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26 January 2017

Josefine von Losch and a Grave Matter

Mother, star, and husband at Berlin Zoologischer Garten Station
Via Facebook, we recently shared news that the Förderkreis (support association) of the Museum für Film und Fernsehen has initiated a fundraiser to preserve the grave of Marlene Dietrich's mother, Josefine von Losch. Our commenters reacted as predicted. "Huh? Doesn't Dietrich's family make a nice amount of money from her image? Shouldn't they pay for this?" "Ask her granddaughter Maria Riva." "I would think that the Riva family should be responsible for resolving this problem. Why should MD's fans take up this family responsibility?" "ASK Maria Riva."

While scapegoating the Rivas has become de rigeur among the Dietrich fan community, we must remember that Josefine had an older daughter, Elisabeth, who bore a son, Hans Georg Will. According to this son's account in the book, A Woman at War: Marlene Dietrich Remembered, he had Frau von Losch's headstone renovated either around the time of the book's publication [2006?] or around the time of documentary Marlene Dietrich: Her Own Song's production [2001?] to recognize her as a mother and grandmother. Hans Georg also stated that he had a son named Axel. I understand that Hans Georg passed away in 2013, but the whereabouts of Axel and the offspring he may have had remain unknown to me. If you contend that this is a family matter, let's not forget the Wills because they are as much Josefine's kin as the Rivas. As for the Rivas, the de facto family spokesperson, Peter Riva, had already addressed the topic of Josefine's grave months earlier on the official Marlene Dietrich Facebook page:
Kind people, especially Timothy Rooks, have asked why we are letting the mother of Marlene's grave subside. The truth is, the tradition is to allow the passage of time to melt the contents with the earth, in a most environmental way. 17 years was the initial period and for decades we kept the grave of her mother intact so as to mark the place Marlene might, indeed, one day also buried. Berlin is a tight city, tight because it is crowded. It is right for people to allow others to have their place when it comes to their time. Our only hope is that the cemetery folks will allow Josephine to rest in peace, clean up her grave site and welcome the next family to cherish their loved one's memory as we, and Marlene, did Josephine's. I first saw it in 1966, took photos for Marlene and she was touched how peaceful the cemetery remained - and still does.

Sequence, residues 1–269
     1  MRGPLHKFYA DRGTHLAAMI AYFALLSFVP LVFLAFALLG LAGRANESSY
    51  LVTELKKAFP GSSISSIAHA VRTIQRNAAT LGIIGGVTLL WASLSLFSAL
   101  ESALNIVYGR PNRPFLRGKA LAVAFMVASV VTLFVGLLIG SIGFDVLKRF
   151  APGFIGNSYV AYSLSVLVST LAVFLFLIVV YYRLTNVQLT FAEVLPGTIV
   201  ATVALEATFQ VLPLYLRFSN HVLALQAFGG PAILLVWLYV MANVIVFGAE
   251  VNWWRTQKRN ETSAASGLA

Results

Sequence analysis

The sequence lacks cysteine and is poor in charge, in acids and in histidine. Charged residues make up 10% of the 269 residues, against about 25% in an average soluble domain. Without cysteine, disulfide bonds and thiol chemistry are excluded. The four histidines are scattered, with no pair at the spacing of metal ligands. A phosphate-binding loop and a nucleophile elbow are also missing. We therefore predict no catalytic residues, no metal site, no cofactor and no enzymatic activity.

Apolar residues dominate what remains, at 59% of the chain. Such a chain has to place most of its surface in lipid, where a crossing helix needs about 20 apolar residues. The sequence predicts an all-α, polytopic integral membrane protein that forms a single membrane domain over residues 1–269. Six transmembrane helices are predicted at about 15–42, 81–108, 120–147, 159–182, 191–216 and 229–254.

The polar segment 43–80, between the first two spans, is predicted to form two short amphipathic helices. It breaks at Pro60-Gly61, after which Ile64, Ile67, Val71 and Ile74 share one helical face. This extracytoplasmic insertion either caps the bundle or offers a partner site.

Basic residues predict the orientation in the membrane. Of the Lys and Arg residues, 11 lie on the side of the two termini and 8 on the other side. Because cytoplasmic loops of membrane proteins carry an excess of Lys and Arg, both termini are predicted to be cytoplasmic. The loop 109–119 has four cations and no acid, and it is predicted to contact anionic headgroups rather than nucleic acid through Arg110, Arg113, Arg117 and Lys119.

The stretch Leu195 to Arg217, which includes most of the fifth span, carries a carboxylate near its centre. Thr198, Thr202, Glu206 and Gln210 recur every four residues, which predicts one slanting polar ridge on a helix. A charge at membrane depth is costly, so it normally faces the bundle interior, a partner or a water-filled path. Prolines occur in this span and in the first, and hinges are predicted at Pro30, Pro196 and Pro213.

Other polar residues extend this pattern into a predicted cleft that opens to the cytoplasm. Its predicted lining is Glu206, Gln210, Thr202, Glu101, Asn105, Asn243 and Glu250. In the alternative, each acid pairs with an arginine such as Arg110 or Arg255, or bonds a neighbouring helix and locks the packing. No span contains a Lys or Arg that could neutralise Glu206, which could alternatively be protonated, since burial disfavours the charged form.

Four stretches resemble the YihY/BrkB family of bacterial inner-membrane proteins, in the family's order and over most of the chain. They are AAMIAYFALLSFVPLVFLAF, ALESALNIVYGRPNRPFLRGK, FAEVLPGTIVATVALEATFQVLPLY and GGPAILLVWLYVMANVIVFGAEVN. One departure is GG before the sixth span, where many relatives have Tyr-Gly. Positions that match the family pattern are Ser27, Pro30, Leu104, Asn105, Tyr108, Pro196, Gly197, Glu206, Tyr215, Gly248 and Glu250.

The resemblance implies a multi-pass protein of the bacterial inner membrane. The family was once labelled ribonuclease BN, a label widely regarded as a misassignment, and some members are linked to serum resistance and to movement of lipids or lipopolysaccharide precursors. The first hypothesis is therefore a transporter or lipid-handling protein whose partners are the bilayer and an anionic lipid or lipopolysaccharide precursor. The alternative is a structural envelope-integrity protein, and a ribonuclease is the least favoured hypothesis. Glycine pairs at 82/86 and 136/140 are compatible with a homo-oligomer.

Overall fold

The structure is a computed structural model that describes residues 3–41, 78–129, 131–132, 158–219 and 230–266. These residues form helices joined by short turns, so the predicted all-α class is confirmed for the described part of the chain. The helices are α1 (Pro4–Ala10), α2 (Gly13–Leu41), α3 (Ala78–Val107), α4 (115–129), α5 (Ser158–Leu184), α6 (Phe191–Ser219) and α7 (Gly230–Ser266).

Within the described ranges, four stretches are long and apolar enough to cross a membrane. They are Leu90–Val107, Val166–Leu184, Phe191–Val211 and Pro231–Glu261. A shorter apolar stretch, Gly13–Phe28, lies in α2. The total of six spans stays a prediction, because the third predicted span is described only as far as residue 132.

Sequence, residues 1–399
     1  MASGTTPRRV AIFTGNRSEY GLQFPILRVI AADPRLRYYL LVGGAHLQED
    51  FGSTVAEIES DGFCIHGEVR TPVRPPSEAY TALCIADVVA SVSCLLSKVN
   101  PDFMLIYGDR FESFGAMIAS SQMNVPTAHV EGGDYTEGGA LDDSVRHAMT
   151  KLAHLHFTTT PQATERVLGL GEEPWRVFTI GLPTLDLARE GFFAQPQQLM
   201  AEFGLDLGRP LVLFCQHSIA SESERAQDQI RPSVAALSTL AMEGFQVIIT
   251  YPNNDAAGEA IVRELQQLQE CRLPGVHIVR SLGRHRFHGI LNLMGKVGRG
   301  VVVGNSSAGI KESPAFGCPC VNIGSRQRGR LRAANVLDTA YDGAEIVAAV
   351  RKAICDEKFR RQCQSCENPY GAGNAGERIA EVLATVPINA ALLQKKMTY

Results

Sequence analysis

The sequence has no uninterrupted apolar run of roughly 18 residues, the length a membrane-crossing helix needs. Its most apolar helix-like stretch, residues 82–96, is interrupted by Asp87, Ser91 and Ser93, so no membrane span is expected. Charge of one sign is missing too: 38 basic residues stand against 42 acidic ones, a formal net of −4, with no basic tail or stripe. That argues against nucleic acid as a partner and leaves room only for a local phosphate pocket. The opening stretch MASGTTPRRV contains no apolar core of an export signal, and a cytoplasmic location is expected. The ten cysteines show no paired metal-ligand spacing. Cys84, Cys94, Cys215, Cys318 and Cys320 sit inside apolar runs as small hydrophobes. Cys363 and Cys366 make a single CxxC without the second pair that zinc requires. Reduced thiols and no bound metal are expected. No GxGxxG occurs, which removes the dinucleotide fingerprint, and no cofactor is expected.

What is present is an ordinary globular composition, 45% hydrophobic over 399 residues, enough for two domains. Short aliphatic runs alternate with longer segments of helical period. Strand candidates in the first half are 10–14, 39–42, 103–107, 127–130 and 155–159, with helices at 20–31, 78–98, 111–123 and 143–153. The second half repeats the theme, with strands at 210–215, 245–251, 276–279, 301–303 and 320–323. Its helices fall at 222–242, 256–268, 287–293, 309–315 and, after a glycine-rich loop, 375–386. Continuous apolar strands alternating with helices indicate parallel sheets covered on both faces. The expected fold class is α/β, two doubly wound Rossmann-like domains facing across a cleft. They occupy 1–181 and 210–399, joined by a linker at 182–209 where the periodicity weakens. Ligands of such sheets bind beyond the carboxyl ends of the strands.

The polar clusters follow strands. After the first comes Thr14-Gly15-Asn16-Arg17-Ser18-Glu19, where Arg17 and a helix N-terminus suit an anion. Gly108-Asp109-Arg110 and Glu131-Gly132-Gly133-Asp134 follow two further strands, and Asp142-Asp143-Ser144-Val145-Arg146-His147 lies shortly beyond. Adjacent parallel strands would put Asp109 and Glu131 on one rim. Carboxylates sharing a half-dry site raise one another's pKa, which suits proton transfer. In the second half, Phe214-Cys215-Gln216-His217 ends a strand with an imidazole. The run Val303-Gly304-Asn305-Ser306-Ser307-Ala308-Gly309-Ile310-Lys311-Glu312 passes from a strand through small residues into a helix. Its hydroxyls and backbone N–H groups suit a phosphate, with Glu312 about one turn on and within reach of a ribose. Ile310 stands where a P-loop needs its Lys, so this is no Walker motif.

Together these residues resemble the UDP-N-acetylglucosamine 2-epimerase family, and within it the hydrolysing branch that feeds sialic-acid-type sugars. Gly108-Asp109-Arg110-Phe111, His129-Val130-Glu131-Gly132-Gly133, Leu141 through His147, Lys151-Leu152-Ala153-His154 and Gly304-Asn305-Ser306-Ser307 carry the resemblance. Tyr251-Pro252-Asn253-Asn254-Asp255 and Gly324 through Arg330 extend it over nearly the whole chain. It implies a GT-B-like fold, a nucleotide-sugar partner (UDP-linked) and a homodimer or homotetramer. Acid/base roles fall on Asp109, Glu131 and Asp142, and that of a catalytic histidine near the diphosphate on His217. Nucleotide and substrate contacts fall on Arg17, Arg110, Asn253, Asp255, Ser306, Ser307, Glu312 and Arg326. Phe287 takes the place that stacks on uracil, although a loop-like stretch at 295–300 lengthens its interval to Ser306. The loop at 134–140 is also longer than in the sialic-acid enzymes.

One commenter there argued that space is not an issue at the Städtischer Friedhof III in Berlin, where Frau von Losch is buried nearby her famous daughter, and another suggested that fans offer their financial support, to which Peter reiterated that relinquishing the grave was Frau von Losch's wish. Personally, I know nothing about Lutheran burial traditions, but I respect the Riva family's personal decision. Nevertheless, Josefine died half a decade before Peter was even born, which--in conjunction with Hans Georg's efforts to preserve her grave after Marlene's death--casts a shadow of doubt on his knowledge of Josefine's intentions. That being said, the burden is not on the Rivas to preserve every aspect of Marlene's life, and if we want to see certain aspects remain, the onus is on us, which is why I admire the fan-sponsored effort to preserve Josefine's grave.

According to Silke Ronneburg, the donations will be used to extend the lease of Josefine von Losch's grave for an additional 20 years, as well as to preserve the plot and plant on it according to Marlene's wishes that it be plain and simple like a soldier's grave, as stated in documents at the MDCB. During her lifetime, Marlene made an agreement with the cemetery to have her mother's grave replanted semiannually in the style of an "Efeuhügel Grab" ["ivy-mound grave"]. In 1985, Marlene renewed the lease to her mother's grave with the support of friends in Germany and Switzerland. If the required funds are raised to keep Josefine's grave intact now, the lease will remain with the family, but efforts to make Josefine's grave an honorary one are underway, as Ronneburg asserts that Josefine's final resting place is of historical significance in Berlin.